4. Nicholas Schiavone from Nicholas P. Schiavone, LLC , June 12, 2014 at 2:23 p.m.
    Illegitimum Non Carborundum; Domine salvum fac. Illegitimum Non Carborundum; Domine salvum fac. Gaudeamus igitur! Veritas non sequitur? Illegitimum non Carborundum -- ipso facto!
  5. Ed Papazian from Media Dynamics Inc , June 12, 2014 at 2:30 p.m.
    Nick, surely you realize that since the media----in this case the TV stations-----are the major financial backers of the audience studies, that they, quite naturally, want to make certain that the findings, in terms of their "audience counts", are favorable to them. You may have noted, that I said "assuming that there are no methodological issues to resolve". That covers the question of whether or not Nielsen has to refine its methodology in this regard, which is something I am well aware of. I don't need you to lecture me on that particular subject. Frankly, I find your continued defense of the old system of doing things a tad out of touch with the current scene. No one is against getting "all of the facts", however this simplistic refrain is often used as a delaying tactic. If we waited for all of the facts to be known, I doubt that we would have any of the media research studies that we now rely on to guide us. In any event, thanks for your interest. I assume that we will continue this dialog on many occasions in the future.
  6. Nicholas Schiavone from Nicholas P. Schiavone, LLC , June 12, 2014 at 5:15 p.m.
    Last word: Once again, I'm surprised by the simplistic nature of your analysis, Mr. Papazian. Unquestionably, Mr. Mandese and MediaPost are attempting to cover a breaking news story that points to an exceedingly complex business and research situation. How can you possibly conclude or "assume" that the sellers and buyers of TV audience research are without fundamental -- and reasonable -- methodological differences and financial challenges in 2014. You would have been on safer ground in your pithy, if not glib, situation analysis if you drew upon the distinguished management consulting wisdom of Peter Drucker. In his work "The Effective Executive," Professor Drucker encouraged managers seeking success, not only "to do the right things," but "to do things right." Before you make any further assessments, it would be good to be in possession of all the facts and not just "the first draft of history." Journalists have one job, professional researchers and effective executives have another. As it's said in Latin, "Suum cuique." ("To each his own.")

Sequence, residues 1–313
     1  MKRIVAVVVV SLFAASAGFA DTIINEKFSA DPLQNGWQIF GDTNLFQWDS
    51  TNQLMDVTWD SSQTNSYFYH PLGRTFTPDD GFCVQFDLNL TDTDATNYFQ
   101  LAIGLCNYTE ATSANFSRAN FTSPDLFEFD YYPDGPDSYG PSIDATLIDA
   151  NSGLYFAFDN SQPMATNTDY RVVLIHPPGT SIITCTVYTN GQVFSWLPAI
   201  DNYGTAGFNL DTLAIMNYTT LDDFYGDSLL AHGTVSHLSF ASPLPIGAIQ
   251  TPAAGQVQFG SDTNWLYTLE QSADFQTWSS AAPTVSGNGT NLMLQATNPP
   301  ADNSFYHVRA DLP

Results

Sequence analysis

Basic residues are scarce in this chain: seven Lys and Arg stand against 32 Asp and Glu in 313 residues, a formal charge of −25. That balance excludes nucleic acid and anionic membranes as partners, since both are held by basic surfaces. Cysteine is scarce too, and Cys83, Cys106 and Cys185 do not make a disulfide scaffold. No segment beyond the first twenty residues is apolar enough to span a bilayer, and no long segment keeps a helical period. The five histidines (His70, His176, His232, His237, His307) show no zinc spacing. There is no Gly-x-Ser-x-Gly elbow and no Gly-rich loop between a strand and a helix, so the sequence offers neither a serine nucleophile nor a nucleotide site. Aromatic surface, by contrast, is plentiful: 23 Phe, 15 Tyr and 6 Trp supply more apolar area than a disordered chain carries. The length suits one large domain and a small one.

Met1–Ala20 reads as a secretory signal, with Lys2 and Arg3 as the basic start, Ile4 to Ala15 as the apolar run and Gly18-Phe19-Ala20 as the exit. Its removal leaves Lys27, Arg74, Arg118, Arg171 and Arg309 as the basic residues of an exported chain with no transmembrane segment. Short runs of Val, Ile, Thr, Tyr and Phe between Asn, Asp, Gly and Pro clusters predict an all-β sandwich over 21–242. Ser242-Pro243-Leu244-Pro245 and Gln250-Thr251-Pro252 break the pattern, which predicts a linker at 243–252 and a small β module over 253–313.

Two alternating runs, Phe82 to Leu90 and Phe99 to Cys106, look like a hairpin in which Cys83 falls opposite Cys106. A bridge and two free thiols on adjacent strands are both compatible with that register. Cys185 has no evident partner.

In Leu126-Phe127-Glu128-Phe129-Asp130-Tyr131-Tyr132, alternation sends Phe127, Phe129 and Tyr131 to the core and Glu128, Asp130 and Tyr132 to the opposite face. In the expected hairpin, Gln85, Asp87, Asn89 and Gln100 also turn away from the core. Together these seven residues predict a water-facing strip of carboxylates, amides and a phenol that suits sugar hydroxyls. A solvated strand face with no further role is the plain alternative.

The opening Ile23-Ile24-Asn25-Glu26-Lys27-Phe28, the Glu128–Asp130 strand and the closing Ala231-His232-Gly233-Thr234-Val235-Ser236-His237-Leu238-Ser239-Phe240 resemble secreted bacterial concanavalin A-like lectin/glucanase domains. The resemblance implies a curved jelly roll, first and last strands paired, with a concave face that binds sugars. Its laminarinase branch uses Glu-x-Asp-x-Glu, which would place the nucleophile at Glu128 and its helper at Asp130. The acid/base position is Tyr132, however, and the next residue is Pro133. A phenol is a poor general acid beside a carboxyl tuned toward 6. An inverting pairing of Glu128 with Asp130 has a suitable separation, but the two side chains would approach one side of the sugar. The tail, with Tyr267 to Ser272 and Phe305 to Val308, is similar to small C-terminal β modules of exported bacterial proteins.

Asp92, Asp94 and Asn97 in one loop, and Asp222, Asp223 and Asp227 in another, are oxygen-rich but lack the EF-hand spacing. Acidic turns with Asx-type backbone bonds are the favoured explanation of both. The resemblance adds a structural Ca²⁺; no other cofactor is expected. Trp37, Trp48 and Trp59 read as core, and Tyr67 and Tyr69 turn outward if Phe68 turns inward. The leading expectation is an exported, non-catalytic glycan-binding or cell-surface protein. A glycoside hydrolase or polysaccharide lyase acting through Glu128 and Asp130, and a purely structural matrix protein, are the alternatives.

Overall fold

7. Ed Papazian from Media Dynamics Inc , June 12, 2014 at 5:31 p.m.
    Hi, Nick. It looks as if you are a fan of the old and now outmoded "effective frequency" concept. Do you think that saying exactly the same thing twice makes it any more credible? Also, I had no beef with Joe's article. I was merely commenting on the situation that is developing, as reported in his piece. Finally, I'm not even sure what you mean when you say, "How can you possibly conclude or "assume" that the sellers and buyers of TV audience research are without fundamental--and reasonable-- methodological differences and financial challenges in 2014". Huh! When did I say anything like that----even if I knew what it meant? Once again, it's great to hear from you again. Pax vobiscum.
  8. Nicholas Schiavone from Nicholas P. Schiavone, LLC , June 12, 2014 at 9:53 p.m.
    Et cum spiritu tuo.
  9. Ed Papazian from Media Dynamics Inc , June 13, 2014 at 2:55 a.m.
    Your debating style is is truly amazing, Nick.
  10. Nicholas Schiavone from Nicholas P. Schiavone, LLC , June 13, 2014 at 4:55 p.m.
    I accept your compliment and return a similar one to you. You might say we complement the MediaPost reading experience. Enjoy the peace & quiet of the weekend.